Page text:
Dear Twitter, The Poster is Not the Problem, Your Apology is

The platform has apologised to those very people whom the poster was calling out, only because they are noisier and better organised. 

Going by its own standard of allowing a multitude of diverse voices to have their say, Twitter India should have invited not just a group of women, but men as well, and thrown in a few rabid right-wing trolls into the mix. The problem it is facing now would not have surfaced – both sides would have slugged it out right there, with Twitter boss Jack Dorsey indulgently looking on and local employees happily listing it as one more example of the engagement of all kinds of views that they want to encourage. But it did not. And see where it has landed them – in a controversy which has necessitated an apology by its legal head. But more on that later.

Jack Dorsey with the “Smash Brahmanical Patriarchy” placard. Credit: Twitter/@annavetticad

Recently, student and activist Shehla Rashid publicly announced that she was stepping away from Twitter and would deactivate her account. Rashid was a vocal presence on the social media platform, and was regularly pilloried, abused and threatened on a daily basis – as a leftist, that too from JNU, as a woman who spoke her mind and most of all, as a Muslim who refused to submit to bogus stereotypes, she was a troll-magnet.

Rashid wasn’t to be cowed down and in her feisty way, used to give it back. Her replies to her critics were often laced with humour and irony rather than apologia or victimhood – I don’t recall her ever saying “why am I so misunderstood.” This kind of attitude took the sting out of the criticism, which must have angered her trolls even more. Now she was getting off the platform.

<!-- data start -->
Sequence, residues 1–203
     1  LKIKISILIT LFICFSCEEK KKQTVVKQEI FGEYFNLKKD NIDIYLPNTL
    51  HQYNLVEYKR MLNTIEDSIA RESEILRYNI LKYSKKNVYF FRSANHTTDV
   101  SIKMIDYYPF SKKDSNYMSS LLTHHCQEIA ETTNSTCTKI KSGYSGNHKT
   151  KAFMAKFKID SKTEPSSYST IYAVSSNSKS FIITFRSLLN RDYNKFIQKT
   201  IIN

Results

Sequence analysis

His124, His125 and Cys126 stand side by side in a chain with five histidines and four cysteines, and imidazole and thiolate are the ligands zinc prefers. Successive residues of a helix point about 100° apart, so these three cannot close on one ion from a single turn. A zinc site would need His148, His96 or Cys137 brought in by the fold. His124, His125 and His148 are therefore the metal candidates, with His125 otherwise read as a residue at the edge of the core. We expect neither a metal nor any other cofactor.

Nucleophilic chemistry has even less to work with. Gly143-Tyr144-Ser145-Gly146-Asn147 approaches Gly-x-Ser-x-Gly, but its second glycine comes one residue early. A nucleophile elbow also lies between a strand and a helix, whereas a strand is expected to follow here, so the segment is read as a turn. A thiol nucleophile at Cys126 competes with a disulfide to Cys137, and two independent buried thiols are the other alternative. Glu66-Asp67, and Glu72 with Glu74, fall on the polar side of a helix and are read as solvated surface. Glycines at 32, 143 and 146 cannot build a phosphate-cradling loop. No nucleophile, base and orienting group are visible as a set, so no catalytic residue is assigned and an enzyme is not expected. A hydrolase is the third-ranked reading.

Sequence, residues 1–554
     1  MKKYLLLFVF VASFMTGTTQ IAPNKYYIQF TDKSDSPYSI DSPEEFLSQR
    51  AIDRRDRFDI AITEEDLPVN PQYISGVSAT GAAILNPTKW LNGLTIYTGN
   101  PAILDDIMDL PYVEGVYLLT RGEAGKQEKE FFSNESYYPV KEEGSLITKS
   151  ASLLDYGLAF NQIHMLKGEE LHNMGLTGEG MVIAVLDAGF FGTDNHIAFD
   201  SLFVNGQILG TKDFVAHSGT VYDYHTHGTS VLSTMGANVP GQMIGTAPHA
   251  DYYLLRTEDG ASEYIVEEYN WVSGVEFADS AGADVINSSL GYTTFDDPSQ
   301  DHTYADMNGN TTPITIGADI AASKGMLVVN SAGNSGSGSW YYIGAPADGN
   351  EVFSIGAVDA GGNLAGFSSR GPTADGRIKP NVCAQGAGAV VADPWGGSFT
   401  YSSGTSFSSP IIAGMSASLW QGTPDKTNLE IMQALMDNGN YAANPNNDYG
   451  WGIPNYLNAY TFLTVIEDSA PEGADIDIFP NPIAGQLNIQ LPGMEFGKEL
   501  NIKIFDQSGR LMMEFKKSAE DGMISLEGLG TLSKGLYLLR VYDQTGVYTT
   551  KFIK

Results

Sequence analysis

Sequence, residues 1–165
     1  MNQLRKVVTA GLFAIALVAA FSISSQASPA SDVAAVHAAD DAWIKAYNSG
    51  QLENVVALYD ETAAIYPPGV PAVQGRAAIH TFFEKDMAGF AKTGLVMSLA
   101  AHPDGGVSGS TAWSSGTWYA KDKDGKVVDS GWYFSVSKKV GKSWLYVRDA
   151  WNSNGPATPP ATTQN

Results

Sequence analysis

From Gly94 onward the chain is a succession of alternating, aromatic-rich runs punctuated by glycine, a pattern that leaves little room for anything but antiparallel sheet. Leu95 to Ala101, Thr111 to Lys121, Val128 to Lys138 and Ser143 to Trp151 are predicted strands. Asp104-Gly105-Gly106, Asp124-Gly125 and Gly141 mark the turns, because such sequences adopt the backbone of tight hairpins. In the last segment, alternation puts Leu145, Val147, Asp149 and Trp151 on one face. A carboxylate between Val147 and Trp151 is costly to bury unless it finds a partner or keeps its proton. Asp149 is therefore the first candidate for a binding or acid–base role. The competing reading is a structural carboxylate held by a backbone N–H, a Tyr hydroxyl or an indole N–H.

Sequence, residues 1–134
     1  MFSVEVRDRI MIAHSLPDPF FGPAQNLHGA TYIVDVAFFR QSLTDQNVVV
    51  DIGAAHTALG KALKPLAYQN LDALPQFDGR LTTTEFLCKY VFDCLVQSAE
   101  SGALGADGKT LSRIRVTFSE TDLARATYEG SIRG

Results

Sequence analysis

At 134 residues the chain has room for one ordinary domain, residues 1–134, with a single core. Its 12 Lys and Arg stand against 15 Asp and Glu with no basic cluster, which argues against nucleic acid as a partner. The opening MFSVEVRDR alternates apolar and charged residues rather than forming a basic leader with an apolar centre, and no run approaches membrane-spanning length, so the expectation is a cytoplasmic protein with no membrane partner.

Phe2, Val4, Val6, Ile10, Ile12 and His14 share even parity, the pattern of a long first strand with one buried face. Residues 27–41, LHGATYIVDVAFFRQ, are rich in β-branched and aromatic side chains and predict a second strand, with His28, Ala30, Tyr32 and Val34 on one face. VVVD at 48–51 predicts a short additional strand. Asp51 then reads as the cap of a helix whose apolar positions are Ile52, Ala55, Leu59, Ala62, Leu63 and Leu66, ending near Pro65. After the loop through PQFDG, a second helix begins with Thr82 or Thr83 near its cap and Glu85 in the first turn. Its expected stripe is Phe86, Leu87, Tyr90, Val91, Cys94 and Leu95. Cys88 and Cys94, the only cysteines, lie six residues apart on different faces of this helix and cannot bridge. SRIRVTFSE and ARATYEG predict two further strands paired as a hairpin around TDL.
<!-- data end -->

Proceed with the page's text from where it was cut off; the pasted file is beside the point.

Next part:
Also read: How Brahmanical Patriarchy Can Directly Affect Community Mental Health

According to her, the “toxicity and negativity” had got to her, affecting her psychologically. She woke up every morning to abuse, which took a toll on her. So, despite being on it for eight years and amassing a following of 500,000, she had decided to disengage.

Student leader Shehla Rashid. Credit: PTI/Files

My own following is much more modest and I have not yet deactivated my account, but barring the occasional retweet, I have gone off it. I don’t check my notifications – which had become an obsession at one time – and don’t bother to see what people are saying , especially or about me. This means I no longer get stressed if there is abuse – and I get my fair share – I don’t know about it, and frankly don’t care. As far as I am concerned, my abusers are shouting into a vacuum and seeing zero response, and will probably move on.

I cannot even begin to compare what used to come my way with what many others, especially women, have to face. For some reason, opinionated women get the worst of it – there have been direct threats of violence to them and their family, including children. Other targets include anyone who take a progressive, liberal stance against bigotry, casteism or hate-mongering. Those with a higher public profile are seen as fair game.

Swati Chaturvedi has written about troll armies, chiefly of the BJP and how these campaigns work and are funded. She can spot a sponsored attack within seconds and often is a victim of those “10 rupees per abusive tweet” warriors; not that it fazes her.

Also read: General Narendra Modi and His Troll Army